Why Tax Bill May Inhibit Kenya from being Manufacturing Hub

Times Tower

June 4, 2018//-Manufacturing is a key economic driver due to its ability to generate jobs and create wealth.

Beyond this two key factors, a vibrant manufacturing sector can reduce reliance on imported goods and drastically tilt the balance of payments transforming a country from a net importer to an exporter. In time this can prop up the economy by impacting on other factors such as the balance of payment and demand for foreign currency.

It is, therefore, no wonder that manufacturing is a key pillar in the Big Four agenda with the intention to increase its contribution to the gross domestic product (GDP) from the current 0.2 percent to 15 per cent by 2022. The sector is, however, capital intensive and often relies on foreign investment.

Last year, Kenya recorded a 79.2 per cent increase in net foreign direct investment (FDI) inflows from a surplus of Sh23.9 billion in 2016 to a surplus of Sh42.9 billion, according to the Economic Survey 2018. This is despite the economic slowdown due to a prolonged electioneering period and adverse weather.

Traditionally most of Kenya’s FDI is directed to towards the finance and insurance sectors with manufacturing attracting about 20 per cent. Most foreign investors evaluate incentives awarded by various countries prior to making their investments to maximise returns. Kenya is no exception. The government should position the country as a manufacturing hub to achieve the Big Four agenda. Part of this will require extensive tax reform.

For instance, the Income Tax Bill 2018, which has been commended for its radical reforms will negatively impact on FDI inflows and may require redrafting to align it with the Big Four agenda. The Bill proposes to scrap 150 per cent investment deduction currently available to investors constructing buildings or installing machinery outside Nairobi, Mombasa or Kisumu.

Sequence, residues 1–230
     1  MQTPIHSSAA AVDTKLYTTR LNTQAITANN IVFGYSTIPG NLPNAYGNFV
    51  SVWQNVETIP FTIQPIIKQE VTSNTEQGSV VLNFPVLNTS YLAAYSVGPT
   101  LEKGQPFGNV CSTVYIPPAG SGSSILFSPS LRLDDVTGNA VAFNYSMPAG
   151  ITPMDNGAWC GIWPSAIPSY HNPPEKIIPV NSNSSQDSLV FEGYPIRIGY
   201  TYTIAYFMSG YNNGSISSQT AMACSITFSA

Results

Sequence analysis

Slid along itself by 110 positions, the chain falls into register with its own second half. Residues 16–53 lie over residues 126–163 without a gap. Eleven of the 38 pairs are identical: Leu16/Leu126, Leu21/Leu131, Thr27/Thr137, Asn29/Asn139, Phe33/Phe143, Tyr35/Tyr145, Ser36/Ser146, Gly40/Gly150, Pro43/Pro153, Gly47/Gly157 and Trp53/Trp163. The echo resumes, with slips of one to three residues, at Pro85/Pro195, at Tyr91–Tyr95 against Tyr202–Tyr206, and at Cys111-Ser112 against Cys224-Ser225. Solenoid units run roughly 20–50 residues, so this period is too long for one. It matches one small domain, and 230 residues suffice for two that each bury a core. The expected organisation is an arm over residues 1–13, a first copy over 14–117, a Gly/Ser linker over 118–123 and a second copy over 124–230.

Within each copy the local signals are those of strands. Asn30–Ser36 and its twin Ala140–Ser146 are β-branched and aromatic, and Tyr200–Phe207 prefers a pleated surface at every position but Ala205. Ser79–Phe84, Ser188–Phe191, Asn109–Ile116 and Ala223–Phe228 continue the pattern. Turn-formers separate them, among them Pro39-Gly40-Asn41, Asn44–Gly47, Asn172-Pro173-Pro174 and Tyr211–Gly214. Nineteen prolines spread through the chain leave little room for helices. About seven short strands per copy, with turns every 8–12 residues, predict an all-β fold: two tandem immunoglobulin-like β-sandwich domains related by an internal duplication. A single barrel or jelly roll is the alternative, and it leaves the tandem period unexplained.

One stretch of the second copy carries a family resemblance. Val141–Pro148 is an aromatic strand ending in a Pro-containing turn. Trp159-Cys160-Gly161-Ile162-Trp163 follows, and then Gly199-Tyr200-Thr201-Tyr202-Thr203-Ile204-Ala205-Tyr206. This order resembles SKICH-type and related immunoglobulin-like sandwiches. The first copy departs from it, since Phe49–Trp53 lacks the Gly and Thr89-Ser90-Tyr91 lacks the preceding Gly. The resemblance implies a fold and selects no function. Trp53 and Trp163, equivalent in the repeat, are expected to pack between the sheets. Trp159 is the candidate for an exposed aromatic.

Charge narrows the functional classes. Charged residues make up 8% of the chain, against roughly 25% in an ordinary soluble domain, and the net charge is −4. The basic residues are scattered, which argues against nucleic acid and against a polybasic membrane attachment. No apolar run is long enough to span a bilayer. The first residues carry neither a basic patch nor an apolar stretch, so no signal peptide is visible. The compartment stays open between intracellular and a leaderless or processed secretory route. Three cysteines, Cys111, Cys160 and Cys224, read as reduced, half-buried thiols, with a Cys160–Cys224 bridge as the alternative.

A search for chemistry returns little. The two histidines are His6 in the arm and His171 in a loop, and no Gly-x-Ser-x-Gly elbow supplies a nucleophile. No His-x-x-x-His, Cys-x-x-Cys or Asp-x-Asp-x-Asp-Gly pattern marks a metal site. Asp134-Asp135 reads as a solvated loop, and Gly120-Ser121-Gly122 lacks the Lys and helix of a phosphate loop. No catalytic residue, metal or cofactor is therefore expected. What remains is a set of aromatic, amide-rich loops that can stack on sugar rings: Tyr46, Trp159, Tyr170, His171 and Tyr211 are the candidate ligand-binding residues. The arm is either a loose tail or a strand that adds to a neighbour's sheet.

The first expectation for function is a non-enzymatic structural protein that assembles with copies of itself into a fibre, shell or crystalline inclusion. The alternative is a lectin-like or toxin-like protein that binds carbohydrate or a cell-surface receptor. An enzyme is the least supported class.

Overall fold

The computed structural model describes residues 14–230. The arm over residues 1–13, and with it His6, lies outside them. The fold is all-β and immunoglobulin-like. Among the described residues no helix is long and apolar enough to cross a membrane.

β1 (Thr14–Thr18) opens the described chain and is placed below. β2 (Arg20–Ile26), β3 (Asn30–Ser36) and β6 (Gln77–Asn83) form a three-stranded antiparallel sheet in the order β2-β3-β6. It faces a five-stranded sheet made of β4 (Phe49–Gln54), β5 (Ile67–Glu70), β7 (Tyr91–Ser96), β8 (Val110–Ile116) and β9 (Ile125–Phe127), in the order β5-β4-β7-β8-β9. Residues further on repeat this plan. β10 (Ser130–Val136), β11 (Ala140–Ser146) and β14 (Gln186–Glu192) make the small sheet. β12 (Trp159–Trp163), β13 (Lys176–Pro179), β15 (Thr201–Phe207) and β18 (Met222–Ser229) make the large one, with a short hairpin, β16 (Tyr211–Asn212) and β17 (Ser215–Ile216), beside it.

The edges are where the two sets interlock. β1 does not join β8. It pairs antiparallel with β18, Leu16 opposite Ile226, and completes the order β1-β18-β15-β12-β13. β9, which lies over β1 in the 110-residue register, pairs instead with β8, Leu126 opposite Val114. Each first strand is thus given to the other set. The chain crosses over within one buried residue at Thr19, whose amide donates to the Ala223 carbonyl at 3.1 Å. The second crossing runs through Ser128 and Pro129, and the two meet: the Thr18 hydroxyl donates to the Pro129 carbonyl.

The deduction had resulted in an influx of foreign companies seeking to set up on the outskirts of the three cities to enjoy this incentive. If enacted in its current form, the Bill may reverse this trend, not to mention the opportunity cost and forgone job opportunities.

The Bill also proposes to introduce 10 per cent tax on income repatriated by branches of foreign companies. The proposed method for computing this tax is rather unusual in the sense that it seeks to tax the net increase in the value of the branch as opposed to actual amounts repatriated.

The situation is further complicated by the fact that a branch would still have to part with corporation tax at the rate of 30 per cent on its business income. This is certainly a punitive approach to taxation as the effective tax rate will be higher than the current rate of 37.5 per cent.

The Bill further delves into alterations on thin capitalisation provisions by altering the debt to equity ratio from the current 3:1 to 2:1.

Whereas the aim is to safeguard the country from harmful international tax practices devised by multinationals through base erosion and profit shifting, it is regressive in the sense that it hinders the very desire of attracting foreign direct investments.

In totality, the provisions outlined above coupled with the high cost of manufacturing products will negatively impact on Kenya’s attractiveness as a manufacturing hub.

In effect, the Bill will claw back the gains that Kenya has made on the Ease of Doing as well as the Global Competitiveness indices. A number of companies have already relocated their manufacturing activities to countries with better tax incentives and low cost of production.

To safeguard the gains made in boosting Kenya’s attractiveness and competitiveness, the government should review the Bill while at the same time seeking to lower the cost of production.

Incentivising foreign investment would not only kick-start the Big Four agenda but also spur job and wealth creation thus expanding the pool of taxable income.

While I advocate each taxpayer to contribute fairly towards development by complying with the relevant tax laws, it is the government’s duty to provide an enabling environment for businesses to grow and spur sustainable economic development.

By John Magu, a tax expert

This article was originally published on businessdailyafrica.com.

 

 

 

 

 

 

 

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